Vivendi Universal, the media conglomerate, has put a $14 billion price tag on its entertainment assets in the US, according to a report in the Los Angeles Times. Citing "sources close to the negotiations" with bidders, the newspaper said that figure is "markedly higher" than the offers received to date. A Vivendi spokeswoman would not comment on the report, but it is known that the company has rejected at least two bids, one of them $11.5 billion from US film industry giant Metro-Goldwyn-Mayer Inc. Against that backdrop, The Wall Street Journal reported Thursday that Comcast Corp., the largest cable-TV provider in the US, "has informed Vivendi of its interest" and "may be close" to joining the bidding. But if no suitor is willing to meet Vivendi's asking price, the company has indicated it will sell stock in its US assets through an initial public offering, the Journal reported. Vivendi's American properties include theme parks, the USA and SciFi cable-TV channels, and Universal movie studios.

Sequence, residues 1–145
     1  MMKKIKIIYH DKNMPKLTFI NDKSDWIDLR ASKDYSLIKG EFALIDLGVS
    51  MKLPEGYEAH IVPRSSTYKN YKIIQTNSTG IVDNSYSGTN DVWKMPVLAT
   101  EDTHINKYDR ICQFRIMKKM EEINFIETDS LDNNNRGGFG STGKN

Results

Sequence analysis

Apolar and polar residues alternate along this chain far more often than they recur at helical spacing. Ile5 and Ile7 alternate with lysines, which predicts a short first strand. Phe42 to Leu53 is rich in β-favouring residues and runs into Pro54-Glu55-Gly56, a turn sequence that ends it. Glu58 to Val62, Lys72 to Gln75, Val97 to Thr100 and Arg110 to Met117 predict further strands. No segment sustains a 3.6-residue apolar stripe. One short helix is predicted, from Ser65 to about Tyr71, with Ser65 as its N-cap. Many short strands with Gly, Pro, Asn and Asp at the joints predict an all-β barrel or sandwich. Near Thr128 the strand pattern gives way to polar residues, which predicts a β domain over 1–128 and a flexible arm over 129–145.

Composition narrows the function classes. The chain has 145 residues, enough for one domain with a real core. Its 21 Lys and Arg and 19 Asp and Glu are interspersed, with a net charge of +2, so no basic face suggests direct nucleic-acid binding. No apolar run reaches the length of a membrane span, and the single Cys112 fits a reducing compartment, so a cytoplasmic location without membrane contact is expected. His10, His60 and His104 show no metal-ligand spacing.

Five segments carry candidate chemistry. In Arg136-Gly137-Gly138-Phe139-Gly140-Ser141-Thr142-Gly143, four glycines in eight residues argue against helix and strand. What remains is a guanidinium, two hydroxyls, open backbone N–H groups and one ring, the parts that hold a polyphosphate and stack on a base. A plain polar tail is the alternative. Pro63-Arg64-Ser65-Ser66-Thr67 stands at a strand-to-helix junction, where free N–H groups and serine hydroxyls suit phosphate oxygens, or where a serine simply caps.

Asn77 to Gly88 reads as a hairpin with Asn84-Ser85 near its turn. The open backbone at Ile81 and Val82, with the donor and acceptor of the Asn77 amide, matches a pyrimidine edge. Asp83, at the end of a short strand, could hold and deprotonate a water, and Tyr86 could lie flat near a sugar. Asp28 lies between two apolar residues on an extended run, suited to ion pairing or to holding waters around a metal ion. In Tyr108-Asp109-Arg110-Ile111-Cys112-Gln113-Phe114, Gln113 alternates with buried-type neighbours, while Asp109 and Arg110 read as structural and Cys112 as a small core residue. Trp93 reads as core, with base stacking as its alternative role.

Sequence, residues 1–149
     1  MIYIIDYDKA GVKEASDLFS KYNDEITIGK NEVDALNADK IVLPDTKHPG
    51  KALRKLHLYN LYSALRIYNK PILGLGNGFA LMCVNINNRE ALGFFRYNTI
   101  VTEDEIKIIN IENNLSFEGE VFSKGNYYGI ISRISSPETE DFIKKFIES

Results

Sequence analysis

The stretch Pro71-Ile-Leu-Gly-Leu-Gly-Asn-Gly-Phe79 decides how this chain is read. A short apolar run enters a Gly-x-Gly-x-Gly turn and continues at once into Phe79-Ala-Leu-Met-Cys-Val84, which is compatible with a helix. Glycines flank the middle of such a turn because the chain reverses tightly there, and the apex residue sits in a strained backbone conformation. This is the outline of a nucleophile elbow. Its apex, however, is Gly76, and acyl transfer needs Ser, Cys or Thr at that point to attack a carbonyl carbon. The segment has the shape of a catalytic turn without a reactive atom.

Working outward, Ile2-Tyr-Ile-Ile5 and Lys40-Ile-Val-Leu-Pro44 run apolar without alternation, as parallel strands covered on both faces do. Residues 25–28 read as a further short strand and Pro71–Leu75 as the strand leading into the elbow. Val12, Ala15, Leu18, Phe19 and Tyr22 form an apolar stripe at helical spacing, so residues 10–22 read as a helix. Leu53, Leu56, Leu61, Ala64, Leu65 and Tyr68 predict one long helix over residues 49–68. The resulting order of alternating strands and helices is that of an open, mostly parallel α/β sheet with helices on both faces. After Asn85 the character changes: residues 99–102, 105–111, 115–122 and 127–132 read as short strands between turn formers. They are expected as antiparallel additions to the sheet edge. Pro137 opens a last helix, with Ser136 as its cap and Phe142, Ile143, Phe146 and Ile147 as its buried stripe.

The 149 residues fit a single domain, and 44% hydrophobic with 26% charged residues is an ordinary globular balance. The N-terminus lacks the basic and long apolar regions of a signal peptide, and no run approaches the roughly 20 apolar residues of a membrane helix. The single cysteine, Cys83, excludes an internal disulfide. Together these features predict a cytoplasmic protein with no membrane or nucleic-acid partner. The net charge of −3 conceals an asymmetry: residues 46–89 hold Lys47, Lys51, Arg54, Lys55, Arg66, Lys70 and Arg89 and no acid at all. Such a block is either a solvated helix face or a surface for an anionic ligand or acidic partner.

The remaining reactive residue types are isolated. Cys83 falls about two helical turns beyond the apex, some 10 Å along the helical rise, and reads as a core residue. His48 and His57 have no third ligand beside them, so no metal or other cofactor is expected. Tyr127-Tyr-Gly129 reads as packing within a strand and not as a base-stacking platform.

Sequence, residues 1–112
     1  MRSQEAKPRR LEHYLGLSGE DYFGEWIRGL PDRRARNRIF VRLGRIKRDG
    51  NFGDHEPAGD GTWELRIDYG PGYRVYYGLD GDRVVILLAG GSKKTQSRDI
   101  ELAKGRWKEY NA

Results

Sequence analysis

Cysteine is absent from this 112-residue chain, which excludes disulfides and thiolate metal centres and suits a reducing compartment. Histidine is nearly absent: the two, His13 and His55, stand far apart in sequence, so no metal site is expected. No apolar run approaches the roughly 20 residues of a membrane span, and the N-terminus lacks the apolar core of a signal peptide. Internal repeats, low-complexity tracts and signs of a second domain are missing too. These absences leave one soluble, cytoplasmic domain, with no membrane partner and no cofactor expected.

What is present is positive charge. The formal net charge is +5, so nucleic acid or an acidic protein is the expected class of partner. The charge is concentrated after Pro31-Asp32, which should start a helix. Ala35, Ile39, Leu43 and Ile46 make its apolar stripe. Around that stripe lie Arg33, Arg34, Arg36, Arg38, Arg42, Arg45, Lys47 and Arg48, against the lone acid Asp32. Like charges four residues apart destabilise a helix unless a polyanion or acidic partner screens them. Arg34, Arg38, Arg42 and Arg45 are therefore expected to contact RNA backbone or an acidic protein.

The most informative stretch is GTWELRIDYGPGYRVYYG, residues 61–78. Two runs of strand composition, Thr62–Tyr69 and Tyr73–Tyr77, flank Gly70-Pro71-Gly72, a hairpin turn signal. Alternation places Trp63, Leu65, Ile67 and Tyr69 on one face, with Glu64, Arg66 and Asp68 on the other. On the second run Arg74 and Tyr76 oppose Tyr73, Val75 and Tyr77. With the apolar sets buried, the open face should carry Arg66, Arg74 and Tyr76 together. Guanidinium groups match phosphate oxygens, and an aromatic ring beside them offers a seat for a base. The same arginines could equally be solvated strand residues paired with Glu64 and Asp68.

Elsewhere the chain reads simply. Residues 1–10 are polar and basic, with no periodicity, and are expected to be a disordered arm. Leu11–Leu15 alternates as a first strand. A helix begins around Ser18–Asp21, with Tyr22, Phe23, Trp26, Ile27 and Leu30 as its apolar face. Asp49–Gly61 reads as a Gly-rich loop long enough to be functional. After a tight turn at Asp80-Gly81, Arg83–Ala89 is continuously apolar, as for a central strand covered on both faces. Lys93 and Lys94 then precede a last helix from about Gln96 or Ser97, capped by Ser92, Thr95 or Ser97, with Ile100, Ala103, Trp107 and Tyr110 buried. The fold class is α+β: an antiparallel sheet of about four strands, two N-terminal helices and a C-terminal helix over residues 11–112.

Through a subsidiary, pharmaceutical giant and medical supplies provider Abbott Laboratories agreed to pay $600 million to settle federal and civil claims that some employees conspired to defraud Medicare and Medicaid. Last month, Abbott reserved $622 million to pay for the settlement on behalf of its Ross Products division of Columbus, Ohio, and took the charge to its second-quarter earnings. Two years ago, Abbott was a partner in a joint venture with Japan's Takeda Chemical Industries that paid an $875 million fine for improperly charging Medicare for an anticancer drug.